Barbara PLACE et al. v. CITY OF WATERBURY.
This civil appeal concerns the relationship between staff members of a federally funded regional agency and the city, within the agency's service area, that administers the agency's grant money. At issue is whether the city must make fiscal contributions to a deferred compensation plan that agency staff members chose to fund their pensions. That question, in turn, depends upon whether the staff members were city employees for pension purposes.1 In a careful and comprehensive memorandum of decision, the trial court found that they were not and, accordingly, rendered judgment for the city. We agree.
The plaintiffs, Barbara Place, Ivory Anders, Patty Blue Murphy and Kathy Maness are, or were previously, staff members of the Waterbury Area Job Training Administration (agency). They brought an action against the defendant, the city of Waterbury (city), to recover damages for the city's failure to contribute to their deferred compensation plan. Each count of their five count complaint 2 was premised on their allegation that they were city employees.3
The city denied being the plaintiffs' employer. After an evidentiary hearing, the court made a factual finding, undergirded by many subsidiary findings, that the plaintiffs were not city employees with respect to the pension contribution claim at issue in this case. It therefore rendered judgment in favor of the city.
On appeal from that adverse judgment, the plaintiffs challenge the validity of the court's fact-finding with respect to their relationship to the city.4 Their appeal can succeed only if the court's finding was clearly erroneous. “A finding is clearly erroneous when although there is evidence to support it, the reviewing court on the entire evidence is left with the definite and firm conviction that a mistake has been committed. In applying the clearly erroneous standard to the findings of a trial court, we keep constantly in mind that our function is not to decide factual issues de novo. Our authority, when reviewing the findings of a judge, is circumscribed by the deference we must give to decisions of the trier of fact, who is usually in a superior position to appraise and weigh the evidence.” (Internal quotation marks omitted.) Doyle v. Kulesza, 197 Conn. 101, 105, 495 A.2d 1074 (1985); see also Practice Book § 60-5; Morgan Buildings & Spas, Inc. v. Dean's Stoves & Spas, Inc., 58 Conn.App. 560, 564, 753 A.2d 957 (2000); Nelson v. Nelson, 13 Conn.App. 355, 359, 536 A.2d 985 (1988).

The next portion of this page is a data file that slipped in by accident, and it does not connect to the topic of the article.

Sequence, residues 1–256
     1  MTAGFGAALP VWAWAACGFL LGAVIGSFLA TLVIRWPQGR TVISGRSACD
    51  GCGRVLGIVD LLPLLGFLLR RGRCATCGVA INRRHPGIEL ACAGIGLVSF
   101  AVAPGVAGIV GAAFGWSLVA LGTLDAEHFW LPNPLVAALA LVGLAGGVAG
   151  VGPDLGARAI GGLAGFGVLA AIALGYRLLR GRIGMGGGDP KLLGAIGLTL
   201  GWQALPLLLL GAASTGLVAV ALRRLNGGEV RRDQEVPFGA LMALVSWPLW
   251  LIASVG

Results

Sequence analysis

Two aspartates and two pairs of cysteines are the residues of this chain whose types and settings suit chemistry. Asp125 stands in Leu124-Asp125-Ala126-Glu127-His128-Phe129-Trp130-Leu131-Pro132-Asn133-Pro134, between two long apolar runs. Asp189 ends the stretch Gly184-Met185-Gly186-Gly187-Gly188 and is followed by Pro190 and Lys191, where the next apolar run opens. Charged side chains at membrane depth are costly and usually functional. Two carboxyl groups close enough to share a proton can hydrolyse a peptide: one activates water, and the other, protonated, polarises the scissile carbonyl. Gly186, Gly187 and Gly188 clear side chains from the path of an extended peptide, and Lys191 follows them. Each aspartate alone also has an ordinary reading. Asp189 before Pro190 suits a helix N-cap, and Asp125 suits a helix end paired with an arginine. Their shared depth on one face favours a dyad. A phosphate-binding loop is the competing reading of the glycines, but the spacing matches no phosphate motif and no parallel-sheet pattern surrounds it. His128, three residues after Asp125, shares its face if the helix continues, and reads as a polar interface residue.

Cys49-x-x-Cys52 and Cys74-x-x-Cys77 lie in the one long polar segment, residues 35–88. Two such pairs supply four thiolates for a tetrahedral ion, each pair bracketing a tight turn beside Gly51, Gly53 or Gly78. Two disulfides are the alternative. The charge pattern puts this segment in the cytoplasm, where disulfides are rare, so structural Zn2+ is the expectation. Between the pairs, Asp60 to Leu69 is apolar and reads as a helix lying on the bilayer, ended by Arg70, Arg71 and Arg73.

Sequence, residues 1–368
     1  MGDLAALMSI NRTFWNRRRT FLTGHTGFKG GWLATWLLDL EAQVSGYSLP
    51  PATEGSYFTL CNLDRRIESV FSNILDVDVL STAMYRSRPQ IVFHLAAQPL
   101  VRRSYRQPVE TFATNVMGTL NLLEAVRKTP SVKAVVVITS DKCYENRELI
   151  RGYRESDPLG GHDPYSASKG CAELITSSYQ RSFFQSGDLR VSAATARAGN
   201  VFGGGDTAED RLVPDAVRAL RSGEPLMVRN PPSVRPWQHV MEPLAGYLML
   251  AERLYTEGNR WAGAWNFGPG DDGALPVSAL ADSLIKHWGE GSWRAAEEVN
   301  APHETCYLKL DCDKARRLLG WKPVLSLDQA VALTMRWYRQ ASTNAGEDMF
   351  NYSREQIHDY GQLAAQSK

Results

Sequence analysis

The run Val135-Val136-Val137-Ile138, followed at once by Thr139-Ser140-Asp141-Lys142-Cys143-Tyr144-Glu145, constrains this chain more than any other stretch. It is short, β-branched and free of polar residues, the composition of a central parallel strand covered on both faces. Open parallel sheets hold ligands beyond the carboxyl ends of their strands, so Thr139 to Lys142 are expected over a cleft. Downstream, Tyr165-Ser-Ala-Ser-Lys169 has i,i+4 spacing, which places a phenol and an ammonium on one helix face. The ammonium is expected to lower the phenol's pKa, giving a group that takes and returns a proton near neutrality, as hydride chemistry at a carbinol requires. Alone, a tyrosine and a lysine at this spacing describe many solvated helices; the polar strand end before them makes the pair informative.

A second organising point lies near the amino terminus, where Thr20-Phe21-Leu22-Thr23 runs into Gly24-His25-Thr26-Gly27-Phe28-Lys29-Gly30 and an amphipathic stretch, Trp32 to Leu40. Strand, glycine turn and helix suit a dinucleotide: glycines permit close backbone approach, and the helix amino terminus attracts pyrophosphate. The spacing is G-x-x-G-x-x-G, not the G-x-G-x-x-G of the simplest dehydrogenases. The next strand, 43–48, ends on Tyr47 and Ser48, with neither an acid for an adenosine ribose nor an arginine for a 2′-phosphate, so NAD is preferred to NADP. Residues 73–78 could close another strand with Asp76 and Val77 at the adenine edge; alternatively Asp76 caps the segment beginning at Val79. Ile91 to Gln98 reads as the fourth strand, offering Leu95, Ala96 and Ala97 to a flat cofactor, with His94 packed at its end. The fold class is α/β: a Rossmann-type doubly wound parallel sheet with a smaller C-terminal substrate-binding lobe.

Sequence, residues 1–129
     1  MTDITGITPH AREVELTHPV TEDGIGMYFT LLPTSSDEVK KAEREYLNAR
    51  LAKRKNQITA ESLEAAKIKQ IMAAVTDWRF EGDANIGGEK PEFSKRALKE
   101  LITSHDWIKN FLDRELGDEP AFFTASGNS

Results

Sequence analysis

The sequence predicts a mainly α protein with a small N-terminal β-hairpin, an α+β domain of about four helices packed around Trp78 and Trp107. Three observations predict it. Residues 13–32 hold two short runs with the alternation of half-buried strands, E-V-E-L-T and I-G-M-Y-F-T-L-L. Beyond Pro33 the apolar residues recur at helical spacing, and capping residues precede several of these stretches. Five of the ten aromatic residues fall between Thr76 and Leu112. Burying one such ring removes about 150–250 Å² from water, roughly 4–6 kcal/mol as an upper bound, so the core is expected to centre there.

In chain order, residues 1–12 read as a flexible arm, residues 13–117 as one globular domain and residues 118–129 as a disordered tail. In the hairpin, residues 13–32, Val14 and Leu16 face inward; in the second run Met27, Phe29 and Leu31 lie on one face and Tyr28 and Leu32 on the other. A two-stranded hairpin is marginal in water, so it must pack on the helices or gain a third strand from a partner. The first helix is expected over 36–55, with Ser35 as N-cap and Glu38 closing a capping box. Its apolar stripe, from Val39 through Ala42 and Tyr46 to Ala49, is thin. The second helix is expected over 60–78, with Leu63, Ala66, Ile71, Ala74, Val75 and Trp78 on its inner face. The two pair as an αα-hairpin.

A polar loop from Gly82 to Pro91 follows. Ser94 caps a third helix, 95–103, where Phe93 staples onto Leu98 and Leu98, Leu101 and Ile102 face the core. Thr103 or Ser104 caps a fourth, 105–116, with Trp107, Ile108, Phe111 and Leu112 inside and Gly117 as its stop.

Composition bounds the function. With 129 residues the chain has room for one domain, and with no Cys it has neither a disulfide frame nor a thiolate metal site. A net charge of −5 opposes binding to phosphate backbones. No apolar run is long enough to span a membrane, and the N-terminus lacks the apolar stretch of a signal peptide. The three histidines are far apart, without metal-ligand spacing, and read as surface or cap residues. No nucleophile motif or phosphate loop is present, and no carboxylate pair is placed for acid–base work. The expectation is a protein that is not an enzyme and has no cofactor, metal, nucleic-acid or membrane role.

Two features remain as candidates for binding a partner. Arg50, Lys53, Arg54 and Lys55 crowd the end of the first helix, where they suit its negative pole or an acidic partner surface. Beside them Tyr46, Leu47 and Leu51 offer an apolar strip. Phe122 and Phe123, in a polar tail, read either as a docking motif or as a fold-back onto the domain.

The court based its finding that the plaintiffs were not city employees on a number of subsidiary factual determinations. These subsidiary findings fall into three categories: (1) the origin and status of the agency; (2) the circumstances under which the plaintiffs elected to fund their pensions through a deferred compensation plan; and (3) the circumstances surrounding the discontinuance of employer contributions to the plaintiffs' deferred compensation plan.
The court made numerous findings with respect to the origin and the nature of the agency at which the plaintiffs performed their duties.5 Pursuant to 29 U.S.C. §§ 1512 and 1513, the agency was funded by federal grants to carry out its mission of assisting access to employment. The agency was directed to provide such services not only for the city, but also for the neighboring towns of Naugatuck, Prospect, Cheshire, Beacon Falls, Thomaston, Middlebury, Southbury, Woodbury, Oxford, Watertown and Wolcott. The agency was, therefore, not a city agency, but a separate regional entity. Although the city issued payroll checks and kept employment records for the plaintiffs, those services arose out of the fact that the regional council had designated the city, as a member of the regional agency, to act as administrator of the agency's assets. See 29 U.S.C. § 1513(b)(1)(B).